C J Box

Corvus, £12.99 pbo

Released: 1st July 2010

Review: Adam Colclough


On a fishing trip in the North Idaho woods two children witness a brutal execution and are forced to flee for their lives pursued by the four men responsible for the killing. The bad news is that the killers are also ex LAPD officers and are helping the local sheriff lead the hunt for two children missing and believed dead. 

There is much about C J Box’s latest novel that is reminiscent of an old style western, the setting for a start and, more importantly, the themes of friendship and betrayal; the ties that bind people to the land and the pressures change places on a small community that are integral elements of its plot. It is also fair to say that Jess Rawlins, the old school rancher to whom the children turn for help, bears a more than passing resemblance to the character John Wayne played in countless films.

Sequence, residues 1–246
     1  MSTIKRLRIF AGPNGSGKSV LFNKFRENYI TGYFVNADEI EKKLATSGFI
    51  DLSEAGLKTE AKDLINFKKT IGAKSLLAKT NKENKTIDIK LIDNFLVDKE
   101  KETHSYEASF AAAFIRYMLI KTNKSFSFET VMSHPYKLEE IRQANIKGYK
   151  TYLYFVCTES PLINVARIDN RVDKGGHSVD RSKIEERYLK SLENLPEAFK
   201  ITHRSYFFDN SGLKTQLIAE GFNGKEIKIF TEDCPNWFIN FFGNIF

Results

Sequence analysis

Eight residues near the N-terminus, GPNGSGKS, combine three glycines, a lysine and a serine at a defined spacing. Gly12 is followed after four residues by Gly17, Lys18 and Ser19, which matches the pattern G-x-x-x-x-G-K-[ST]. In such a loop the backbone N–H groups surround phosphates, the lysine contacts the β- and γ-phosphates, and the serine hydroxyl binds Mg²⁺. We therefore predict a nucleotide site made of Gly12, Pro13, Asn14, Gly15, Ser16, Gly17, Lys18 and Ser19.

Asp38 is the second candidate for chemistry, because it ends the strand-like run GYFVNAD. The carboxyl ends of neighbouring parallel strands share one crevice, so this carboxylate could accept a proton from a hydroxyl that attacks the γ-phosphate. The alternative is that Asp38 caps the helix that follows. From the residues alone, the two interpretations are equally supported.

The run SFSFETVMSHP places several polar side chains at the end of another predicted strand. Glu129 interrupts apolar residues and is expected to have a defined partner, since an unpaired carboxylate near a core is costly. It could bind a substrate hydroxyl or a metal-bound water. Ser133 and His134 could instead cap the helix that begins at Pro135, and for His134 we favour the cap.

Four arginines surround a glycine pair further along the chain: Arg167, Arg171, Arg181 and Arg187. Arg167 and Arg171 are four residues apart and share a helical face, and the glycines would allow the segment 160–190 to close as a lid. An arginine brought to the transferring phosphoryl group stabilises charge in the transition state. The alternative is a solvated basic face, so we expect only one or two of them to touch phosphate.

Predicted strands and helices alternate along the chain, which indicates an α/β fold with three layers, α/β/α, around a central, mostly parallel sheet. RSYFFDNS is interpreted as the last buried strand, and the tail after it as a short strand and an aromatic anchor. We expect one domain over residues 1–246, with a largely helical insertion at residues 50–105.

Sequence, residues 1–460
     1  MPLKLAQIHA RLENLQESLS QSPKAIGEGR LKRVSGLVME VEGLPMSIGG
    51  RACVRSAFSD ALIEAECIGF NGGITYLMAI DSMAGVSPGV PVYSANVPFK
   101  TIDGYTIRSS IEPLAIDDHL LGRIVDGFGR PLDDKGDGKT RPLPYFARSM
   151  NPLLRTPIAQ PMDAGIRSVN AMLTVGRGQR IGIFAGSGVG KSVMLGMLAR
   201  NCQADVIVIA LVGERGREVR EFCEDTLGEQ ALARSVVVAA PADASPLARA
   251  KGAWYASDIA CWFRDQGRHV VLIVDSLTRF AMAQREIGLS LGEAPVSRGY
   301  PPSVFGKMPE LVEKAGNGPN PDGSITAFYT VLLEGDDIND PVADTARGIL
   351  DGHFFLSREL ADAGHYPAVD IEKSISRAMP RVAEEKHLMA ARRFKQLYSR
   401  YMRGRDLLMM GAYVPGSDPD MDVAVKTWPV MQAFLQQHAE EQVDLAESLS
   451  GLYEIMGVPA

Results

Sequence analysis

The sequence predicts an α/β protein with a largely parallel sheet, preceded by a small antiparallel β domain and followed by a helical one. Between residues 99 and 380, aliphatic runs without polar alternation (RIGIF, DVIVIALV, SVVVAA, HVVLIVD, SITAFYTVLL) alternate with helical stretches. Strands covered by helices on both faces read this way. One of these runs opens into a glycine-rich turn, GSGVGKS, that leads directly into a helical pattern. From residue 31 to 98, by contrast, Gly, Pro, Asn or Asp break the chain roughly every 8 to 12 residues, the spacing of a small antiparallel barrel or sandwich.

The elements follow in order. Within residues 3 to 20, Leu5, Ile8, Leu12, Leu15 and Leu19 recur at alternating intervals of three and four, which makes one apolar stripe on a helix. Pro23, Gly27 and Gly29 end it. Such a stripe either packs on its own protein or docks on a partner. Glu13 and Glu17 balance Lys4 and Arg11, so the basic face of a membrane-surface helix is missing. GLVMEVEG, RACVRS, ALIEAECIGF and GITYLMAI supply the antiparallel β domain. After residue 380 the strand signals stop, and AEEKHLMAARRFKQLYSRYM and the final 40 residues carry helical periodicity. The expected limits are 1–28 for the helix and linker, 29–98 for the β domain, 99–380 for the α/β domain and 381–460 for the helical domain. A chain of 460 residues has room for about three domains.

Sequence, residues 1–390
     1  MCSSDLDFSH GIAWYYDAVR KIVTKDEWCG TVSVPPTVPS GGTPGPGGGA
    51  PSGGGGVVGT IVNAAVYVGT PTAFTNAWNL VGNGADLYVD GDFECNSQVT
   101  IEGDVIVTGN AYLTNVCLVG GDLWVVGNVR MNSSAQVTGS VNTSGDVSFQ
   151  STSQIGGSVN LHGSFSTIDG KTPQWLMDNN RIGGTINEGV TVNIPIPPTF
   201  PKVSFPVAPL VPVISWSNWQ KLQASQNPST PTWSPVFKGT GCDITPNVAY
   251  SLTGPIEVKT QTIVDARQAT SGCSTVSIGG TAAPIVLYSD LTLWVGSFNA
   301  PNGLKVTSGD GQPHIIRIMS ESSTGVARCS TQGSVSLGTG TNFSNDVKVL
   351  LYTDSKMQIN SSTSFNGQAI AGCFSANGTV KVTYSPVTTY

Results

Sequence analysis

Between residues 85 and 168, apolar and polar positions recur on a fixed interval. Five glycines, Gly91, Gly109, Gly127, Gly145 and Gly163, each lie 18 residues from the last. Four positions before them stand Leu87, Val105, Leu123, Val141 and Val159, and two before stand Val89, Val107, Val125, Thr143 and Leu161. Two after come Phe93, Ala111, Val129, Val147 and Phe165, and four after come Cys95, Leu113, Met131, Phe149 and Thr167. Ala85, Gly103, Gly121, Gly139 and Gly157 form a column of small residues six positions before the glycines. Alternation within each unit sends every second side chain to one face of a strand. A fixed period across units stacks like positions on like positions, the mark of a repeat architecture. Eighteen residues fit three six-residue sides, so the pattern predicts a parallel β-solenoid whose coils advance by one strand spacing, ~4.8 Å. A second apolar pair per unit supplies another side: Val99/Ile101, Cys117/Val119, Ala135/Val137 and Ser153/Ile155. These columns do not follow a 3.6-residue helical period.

This could make for an awkward and contrived clash of genres; in fact it works brilliantly and allows Box to approach ideas that might not be in the reach of a more conventional thriller. This is a book with a strong moral centre that makes its points about the conflict between big city corruption and the homespun values of small town America without beating the reader about the head. 

It is also a well constructed thriller that keeps the action going from first page to last, has well rounded characters and gives an authentic feeling of the gossipy nature of small town life. C J Box has done it again; given his growing body of fans another book they’ll want to come back to time and again.






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